I’m supposed to rendezvous with the Centurion tomorrow so I have plenty of time to make it. Atlas, you are in the safest of hands.
This is easier than I could’ve imagined.
End of Log.
Personal Log Supplemental-StarDate 8721.56
This is bad, very bad. I’m currently fleeing from a Gorgorian Rapid Raider. There’s supposed to be a cease-fire after the conference at Mantok-Prime. I hailed them to remind them of that fact but frankly, they were more interested in mocking me and firing upon the shuttle than in any real diplomatic solution.
Shields are holding but since they gave me a shuttle with no weapons, I will have to outfly them. Why don’t our shuttles have weapons? Right now it feels like they should.
End of Log.
Personal Log Supplemental-StarDate 8721.89
We escaped! I suppose that’s obvious since I’m here to record this log, but it’s kind of a miracle. The Gorgorian Rapid Raider had hammered us, alarms were blaring to tell me the shields were about to fail, and then Atlas began to whine. Honestly, I couldn’t tell right away, as he was harmonizing with the alarms.
Then suddenly, he stopped. Then the Gorgorian Rapid Raider exploded. We, and by we I mean the shuttle, started spinning out of control. Fortunately, I am a fully trained star pilot and had no trouble steadying the flight path. Eventually.
Sensors indicated that the Gorgorian Rapid Raider suffered a massive quantum engine failure. Maybe the Gorgorian Rapid Raider passed through a micro singularity. Those Gorgorian Rapid Raider need to hire some more qualified engineers.
Am I saying Gorgorian Rapid Raider too much? No. An Ensign’s logs need to be thorough and accurate. I mean, a Gorgorian Rapid Raider is a formidable foe.
That ought to be worth a commendation. Fingers crossed.
Personal Log Supplemental-StarDate 8722.24
Well, the engines are damaged and I had to drop to sub-light speeds. This is very inconvenient. If I can’t repair the problem I won’t make my rendezvous with the Centurion. I’m reluctant to send out a distress signal as it might attract more attention from the Gorgorians.
Also, it would reflect poorly on my abilities as an officer and damage my chances of getting assigned to the Centurion. That, I refuse to let happen. Time to roll up my sleeves and get working.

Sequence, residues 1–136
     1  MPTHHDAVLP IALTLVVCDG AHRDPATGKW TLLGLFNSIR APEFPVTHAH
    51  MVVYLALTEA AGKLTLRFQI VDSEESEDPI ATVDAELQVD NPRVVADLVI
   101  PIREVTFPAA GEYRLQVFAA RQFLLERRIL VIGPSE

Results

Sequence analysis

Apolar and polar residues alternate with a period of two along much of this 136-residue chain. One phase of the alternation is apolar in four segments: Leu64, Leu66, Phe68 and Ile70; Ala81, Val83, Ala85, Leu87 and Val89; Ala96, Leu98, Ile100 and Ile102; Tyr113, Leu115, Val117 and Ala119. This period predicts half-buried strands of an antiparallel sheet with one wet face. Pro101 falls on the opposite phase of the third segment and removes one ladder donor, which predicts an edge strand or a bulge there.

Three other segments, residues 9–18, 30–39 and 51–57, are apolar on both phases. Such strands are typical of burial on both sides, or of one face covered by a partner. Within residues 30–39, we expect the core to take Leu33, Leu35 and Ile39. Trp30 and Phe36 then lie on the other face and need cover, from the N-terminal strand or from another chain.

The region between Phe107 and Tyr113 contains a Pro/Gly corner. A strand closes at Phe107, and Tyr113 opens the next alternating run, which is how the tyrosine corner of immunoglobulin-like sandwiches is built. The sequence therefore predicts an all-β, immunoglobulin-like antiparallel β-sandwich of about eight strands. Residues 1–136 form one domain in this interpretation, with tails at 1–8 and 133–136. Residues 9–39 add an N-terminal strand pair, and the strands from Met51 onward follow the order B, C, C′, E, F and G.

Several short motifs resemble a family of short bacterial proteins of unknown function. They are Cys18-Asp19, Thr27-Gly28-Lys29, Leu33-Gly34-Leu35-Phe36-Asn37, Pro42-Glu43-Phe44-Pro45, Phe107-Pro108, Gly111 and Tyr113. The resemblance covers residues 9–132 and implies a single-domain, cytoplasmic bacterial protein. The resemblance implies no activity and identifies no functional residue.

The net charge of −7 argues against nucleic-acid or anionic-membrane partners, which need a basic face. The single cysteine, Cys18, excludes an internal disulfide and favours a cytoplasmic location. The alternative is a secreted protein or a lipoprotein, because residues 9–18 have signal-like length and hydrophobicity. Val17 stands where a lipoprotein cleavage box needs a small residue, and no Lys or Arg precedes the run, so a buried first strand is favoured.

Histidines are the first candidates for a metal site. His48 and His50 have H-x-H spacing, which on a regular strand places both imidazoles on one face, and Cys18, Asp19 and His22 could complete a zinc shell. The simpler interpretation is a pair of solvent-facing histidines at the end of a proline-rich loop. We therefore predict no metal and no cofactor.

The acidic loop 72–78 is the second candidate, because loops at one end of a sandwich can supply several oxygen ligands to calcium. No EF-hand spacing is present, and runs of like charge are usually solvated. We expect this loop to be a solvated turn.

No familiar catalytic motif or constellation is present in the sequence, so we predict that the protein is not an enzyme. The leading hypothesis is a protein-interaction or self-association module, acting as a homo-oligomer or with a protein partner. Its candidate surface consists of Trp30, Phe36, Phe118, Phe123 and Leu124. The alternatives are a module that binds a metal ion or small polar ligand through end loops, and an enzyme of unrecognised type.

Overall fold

Personal Log Supplemental-StarDate 8722.73
Well, that took longer than I anticipated. I ran half a dozen level one diagnostics, realigned the crystalline shunt, and hand cleaned thirty-seven isotronic chips and the damned thing still didn’t turn over. It wasn’t till I re-polarized the power coupling that it worked again.
At least now I can get back on schedule. Apologies to Atlas but I am NOT going to be late.
Personal Log Supplemental-StarDate Unknown
A good officer has to be ready for the unexpected. That’s what they taught us at the academy. It’s the first thing they say on the first day. Be ready for the unexpected. It’s a fine sentiment. Except how in holy hell can you be ready for the unexpected? That’s crazy! CRAZY!!!!!!!!!!!
Okay, I screamed and feel a little better. Not a lot, but I’ll take what I can get.
We were flying at top hyper factor, at least as fast as this shuttle can go, when Atlas started to howl. Except it wasn’t a howl, exactly. More like a keening wail. I tried to get him to stop. I sang him a lullaby, then tried talking to him in soothing tones, telling him that we were on our way to his mommy, and finally, I shouted at him to just shut up!
I’m not sure why I thought this creature would understand the Galactic Standard tongue, because it did not. The sound it made got higher and higher pitched until there was a burst of bright light and then I passed out. I dare anyone, ANYONE to not pass out in these circumstances.
Upon awakening, I found the familiar sight of rushing stars outside my forward viewport replaced with a swirling sea of colors and fractals. The navigation computer has thus far failed to locate where we are. But it gets worse.
Atlas is missing.
Personal Log Supplemental-StarDate Still Unknown but later
Having searched this tiny shuttle fore to aft, I have found no sign of Atlas. I’m not sure what is worse, being trapped in an unknown region of space or losing Captain Buhle’s beloved pet. If I can’t find a way home, I’ll never know. That’s not better. Probably worse.